Ballenas Secondary School Gr. 9 student Logan Brown participates in a mock provincial vote that took place May 8 of 2017. A motion begun at SD69 asking the provincial government to lower the voting age in trustee elections to 16 has recently gained the support of the B.C. School Trustee’s Association. — NEWS File Photo

School boards vote to reduce trustee voter age

Motion started by SD69 (Qualicum) trustee gets wide support from prov. school boards

A motion started by a local trustee seeking to allow 16- and 17-year-olds to vote for trustees has passed its latest hurdle.

The motion, initiated by School Board 69 (Qualicum) trustee Jacob Gair in August and approved unanimously by the SD69 school board, was passed at the annual general meeting of the British Columbia School Trustees Association (BCSTA) on Saturday, April 28, said Gair.

RELATED: Qualicum school board votes to let 16-year-olds vote for trustee

He said approximately two-thirds of trustees voted for the motion.

“I feel wonderful about it,” said Gair. “It’s amazing, and I’m very grateful to my board for all the support along the way.”

Now it’s up to the BCSTA to push for the provincial government to amend the School Act to lower the voting age for trustee elections to 16 from 18.

Gair was the first person to speak on the motion at the AGM, which saw multiple others speak in favour of it, including SD69 trustees Barry Kurland and Elaine Young, he said.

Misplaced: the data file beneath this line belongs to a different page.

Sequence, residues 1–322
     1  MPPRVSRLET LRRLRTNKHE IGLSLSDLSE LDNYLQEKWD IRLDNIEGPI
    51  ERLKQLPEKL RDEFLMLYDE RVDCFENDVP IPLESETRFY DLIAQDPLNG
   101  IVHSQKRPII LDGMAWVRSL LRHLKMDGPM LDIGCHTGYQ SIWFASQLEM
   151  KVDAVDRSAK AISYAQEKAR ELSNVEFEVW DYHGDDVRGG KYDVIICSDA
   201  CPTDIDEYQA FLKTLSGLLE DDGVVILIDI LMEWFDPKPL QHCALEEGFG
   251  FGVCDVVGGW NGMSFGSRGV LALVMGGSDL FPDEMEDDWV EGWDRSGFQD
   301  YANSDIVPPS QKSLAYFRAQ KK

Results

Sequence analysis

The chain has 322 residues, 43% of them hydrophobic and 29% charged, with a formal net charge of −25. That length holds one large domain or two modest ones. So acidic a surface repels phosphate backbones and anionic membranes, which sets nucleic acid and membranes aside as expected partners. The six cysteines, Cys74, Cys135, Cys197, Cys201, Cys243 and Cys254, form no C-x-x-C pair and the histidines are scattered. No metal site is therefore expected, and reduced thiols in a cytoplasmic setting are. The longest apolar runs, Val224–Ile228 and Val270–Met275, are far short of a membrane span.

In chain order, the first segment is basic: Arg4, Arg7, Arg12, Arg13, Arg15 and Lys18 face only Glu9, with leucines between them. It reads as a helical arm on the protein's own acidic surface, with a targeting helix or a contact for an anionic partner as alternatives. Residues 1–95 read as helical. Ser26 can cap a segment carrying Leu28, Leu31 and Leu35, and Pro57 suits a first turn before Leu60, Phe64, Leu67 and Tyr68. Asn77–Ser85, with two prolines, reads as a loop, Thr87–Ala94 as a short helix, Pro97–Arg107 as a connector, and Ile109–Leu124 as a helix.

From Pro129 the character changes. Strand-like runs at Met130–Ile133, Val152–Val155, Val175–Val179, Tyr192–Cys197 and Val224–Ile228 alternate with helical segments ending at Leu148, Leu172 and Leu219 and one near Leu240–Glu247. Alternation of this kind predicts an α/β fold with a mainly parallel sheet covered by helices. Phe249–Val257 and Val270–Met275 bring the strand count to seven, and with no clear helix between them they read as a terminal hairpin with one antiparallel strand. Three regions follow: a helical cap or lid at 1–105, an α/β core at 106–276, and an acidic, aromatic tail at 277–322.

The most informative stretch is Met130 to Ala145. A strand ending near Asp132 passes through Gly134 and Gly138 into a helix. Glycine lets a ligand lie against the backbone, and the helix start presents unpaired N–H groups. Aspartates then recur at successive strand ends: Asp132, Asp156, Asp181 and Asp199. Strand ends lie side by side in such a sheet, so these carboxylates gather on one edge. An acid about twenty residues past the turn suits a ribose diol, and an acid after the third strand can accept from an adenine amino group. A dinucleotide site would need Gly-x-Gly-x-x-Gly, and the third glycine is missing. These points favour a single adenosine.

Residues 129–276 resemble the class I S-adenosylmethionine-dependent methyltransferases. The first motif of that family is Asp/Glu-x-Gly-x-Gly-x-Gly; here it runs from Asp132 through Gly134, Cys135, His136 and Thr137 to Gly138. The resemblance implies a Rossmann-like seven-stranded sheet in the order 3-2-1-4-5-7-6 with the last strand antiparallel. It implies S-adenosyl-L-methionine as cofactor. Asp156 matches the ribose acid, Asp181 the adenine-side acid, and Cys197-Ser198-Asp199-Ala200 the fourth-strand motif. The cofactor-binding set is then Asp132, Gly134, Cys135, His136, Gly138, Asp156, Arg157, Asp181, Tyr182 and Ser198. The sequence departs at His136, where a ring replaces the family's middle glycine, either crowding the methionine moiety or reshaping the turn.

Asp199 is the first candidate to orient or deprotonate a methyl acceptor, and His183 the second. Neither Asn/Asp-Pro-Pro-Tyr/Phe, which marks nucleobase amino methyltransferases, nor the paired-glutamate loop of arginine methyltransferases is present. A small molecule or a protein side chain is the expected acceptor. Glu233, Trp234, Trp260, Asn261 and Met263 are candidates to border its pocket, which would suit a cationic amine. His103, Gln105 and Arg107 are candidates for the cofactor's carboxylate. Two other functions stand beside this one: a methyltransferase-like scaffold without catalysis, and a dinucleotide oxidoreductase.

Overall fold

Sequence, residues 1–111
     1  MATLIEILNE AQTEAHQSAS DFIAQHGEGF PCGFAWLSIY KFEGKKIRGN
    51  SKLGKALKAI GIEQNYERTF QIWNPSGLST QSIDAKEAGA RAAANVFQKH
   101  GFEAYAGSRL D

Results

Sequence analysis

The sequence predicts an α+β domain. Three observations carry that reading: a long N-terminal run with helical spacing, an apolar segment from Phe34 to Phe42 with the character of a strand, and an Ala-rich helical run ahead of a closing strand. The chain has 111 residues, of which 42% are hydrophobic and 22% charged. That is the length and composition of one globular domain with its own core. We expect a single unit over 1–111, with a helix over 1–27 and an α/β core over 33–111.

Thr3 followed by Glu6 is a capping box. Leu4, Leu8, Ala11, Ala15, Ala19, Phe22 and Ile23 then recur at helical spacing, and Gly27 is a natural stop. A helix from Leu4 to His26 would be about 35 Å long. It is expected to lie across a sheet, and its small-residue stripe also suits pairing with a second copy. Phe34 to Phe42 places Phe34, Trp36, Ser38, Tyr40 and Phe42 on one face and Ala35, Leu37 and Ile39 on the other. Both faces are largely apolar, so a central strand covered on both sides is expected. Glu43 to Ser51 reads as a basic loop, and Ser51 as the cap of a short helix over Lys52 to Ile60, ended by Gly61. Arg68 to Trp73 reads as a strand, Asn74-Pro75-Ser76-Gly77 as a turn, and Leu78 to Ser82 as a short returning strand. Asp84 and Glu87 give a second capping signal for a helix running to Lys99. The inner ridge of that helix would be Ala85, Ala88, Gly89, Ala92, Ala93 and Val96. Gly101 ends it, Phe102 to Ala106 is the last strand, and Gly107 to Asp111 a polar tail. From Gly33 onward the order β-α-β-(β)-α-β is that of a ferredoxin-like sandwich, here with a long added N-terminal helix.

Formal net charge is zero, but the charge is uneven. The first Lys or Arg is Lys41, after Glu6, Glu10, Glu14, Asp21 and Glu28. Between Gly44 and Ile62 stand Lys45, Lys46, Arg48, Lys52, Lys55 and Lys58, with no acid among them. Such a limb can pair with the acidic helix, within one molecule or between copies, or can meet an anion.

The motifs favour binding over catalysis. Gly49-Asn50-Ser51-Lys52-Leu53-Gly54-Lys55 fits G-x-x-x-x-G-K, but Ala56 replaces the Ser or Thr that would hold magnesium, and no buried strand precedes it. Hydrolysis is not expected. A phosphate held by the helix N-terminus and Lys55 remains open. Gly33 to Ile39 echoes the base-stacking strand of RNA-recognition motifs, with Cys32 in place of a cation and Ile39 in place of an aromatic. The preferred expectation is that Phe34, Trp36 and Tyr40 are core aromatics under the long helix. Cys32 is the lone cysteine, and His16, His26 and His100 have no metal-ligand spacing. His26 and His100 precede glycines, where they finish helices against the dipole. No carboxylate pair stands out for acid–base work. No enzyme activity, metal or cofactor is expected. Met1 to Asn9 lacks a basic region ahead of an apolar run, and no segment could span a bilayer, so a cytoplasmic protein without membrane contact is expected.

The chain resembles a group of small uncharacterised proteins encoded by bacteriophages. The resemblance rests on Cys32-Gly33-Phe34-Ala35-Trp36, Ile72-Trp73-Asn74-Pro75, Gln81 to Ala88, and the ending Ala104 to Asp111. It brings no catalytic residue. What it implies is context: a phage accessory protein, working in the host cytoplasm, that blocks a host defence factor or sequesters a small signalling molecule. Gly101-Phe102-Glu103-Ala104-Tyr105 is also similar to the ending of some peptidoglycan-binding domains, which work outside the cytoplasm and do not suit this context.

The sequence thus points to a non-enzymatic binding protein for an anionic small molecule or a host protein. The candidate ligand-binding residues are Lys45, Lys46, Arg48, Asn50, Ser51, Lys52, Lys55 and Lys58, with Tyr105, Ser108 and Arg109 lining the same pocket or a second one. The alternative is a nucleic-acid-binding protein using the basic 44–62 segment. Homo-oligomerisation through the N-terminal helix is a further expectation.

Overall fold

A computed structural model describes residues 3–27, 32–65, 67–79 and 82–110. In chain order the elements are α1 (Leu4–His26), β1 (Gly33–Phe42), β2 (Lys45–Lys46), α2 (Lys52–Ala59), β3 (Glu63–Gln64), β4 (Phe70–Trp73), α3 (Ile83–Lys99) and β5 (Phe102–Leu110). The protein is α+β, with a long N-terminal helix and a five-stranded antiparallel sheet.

Gair said he believes reducing the voting age to 16 would increase student engagement in a system that, while having a big impact on their lives, they feel doesn’t represent them. It would also better prepare students to vote in other elections.

“All too often students don’t feel invested in the system because they don’t have any say over it,” said Gair, who was voted in as a trustee at the age of 20.

“But if you have a democratic vote that you can decide who the trustees are… what you say does matter to somebody. Your voice is being heard and is being listened to because you can effect those changes.”

Voting while still in high school would also provide a practice ground for students ahead of becoming a full participant in democracy, he said.

Students would not only begin educating themselves about candidates, politics and how to interpret the media and politicians, Gair said, they’d be doing so alongside their fellow classmates and with teachers who they could turn to for help.

“I think that’s a very powerful step in the right direction for our democracy — giving people something of a trial run so that they can be more engaged once they turn 18 and have the opportunity to vote in a large election. Evidence has shown that if you vote young, you’ll continue voting, so this is a way to increase voter turnout once students do turn 18,” Gair said.

He added that he wasn’t sure when the BCSTA would begin its efforts to have the provincial government look into changing the School Act to change the voting age, but he added that Minister of Education Rob Fleming and Parksville-Qualicum MLA Michelle Stilwell are aware of the interest in changing the voting age.

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